He was written in a way our media would never depict a black boy, full of vulnerability, rejecting gender roles, and someone not afraid to cry. The kid could throw down in the kitchen, a trait he learned from his late mother. 

I know in Black/Latino homes of the past, boys and men were forced to be what society saw as being men. But this creates so many future issues for men not allowed to express their vulnerability or enjoy things society hasnt deemed "conventionally " masculine.

Let's not forget to mention he's African-American. I wasn't sure if I'd get a character who just reminded me of a default character who just happened to be Black, or a main character who reads too hard to remind me that he's Black, but I got neither. I got Matt. A character that you'd automatically know is a black teen, but in a positive light, that doesn't shy away from being born and raised in Brooklyn, NY.

I live in an oh-so small state called Connecticut, that happens to border NY, but I went to college in Brooklyn, and Im sure the writer is from NY. I mean, anyone can "do" NY, but not everyone can "do" Brooklyn. Reading this book, I was in Brooklyn, and not only that, I loved all the other settings(all the places that brought familiarity, like the Cluck Bucket, lol).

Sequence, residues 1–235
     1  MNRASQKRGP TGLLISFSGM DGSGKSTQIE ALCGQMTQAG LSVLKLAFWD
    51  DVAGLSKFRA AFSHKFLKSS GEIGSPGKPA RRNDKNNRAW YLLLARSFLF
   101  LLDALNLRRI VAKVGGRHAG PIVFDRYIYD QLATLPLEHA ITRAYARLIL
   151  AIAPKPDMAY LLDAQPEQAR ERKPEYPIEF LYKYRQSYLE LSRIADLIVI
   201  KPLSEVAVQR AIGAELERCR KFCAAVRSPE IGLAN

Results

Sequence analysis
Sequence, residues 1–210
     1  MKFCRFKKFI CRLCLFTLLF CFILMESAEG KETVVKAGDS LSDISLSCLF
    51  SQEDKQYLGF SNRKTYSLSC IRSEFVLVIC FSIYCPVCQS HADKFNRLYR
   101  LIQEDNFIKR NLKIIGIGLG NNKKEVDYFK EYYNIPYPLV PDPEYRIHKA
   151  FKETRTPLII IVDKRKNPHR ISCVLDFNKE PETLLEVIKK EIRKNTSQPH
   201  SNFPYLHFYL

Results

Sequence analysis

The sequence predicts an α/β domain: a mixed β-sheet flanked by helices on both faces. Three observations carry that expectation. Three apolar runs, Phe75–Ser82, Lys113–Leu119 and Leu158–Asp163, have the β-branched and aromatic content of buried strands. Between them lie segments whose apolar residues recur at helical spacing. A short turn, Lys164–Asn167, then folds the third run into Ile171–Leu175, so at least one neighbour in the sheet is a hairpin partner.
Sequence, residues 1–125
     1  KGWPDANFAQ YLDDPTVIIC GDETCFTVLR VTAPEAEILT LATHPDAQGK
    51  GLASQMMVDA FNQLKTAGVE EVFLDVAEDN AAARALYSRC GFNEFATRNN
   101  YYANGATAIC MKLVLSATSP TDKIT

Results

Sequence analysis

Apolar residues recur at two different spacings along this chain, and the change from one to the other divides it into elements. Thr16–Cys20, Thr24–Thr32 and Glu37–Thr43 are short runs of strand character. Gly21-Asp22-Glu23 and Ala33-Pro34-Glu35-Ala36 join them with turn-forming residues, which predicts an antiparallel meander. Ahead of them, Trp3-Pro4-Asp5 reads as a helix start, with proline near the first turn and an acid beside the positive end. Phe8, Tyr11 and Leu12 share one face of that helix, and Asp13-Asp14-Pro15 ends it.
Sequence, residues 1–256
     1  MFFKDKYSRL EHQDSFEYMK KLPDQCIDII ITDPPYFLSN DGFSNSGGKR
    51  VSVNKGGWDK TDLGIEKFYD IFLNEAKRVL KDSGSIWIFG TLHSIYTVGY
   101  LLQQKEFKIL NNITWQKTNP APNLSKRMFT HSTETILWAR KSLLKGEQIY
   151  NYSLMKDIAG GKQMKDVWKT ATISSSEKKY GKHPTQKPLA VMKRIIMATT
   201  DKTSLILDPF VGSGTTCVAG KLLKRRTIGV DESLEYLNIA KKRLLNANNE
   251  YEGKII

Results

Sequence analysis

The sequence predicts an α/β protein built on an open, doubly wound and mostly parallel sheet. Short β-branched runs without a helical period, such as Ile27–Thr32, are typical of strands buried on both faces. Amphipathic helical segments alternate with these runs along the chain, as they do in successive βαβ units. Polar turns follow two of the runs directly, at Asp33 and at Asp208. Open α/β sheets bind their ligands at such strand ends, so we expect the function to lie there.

Matthew wasn't a scatterbrain like a few teenage protagonists I read. He had intelligent thoughts, and a big love for Tupac, so I know I would've been friends with a kid like this growing up. I think the only real complaint I had was with a detail in the past, feeling the need to tie it's loose end in the present. But I looked past it for all the other amazing details it had!

Matthew reminded me a bit of my 21 year old cousin. My cousin is religious, so he loves wearing fancy suits all the time. I loved how Matt wore a suit for his job at first as a requirement, but with time, he couldn't imagine himself without one. Not to say all kids should be wearing suits all of a sudden, but it was just interesting how the title wrung it's way in more ways than one throughout the entire book.

It's hard to comment on editing on traditionally published books, especially one like this, because it seems as though editors put a lot of time into making this effort perfect. It's easier to comment when there are mistakes =)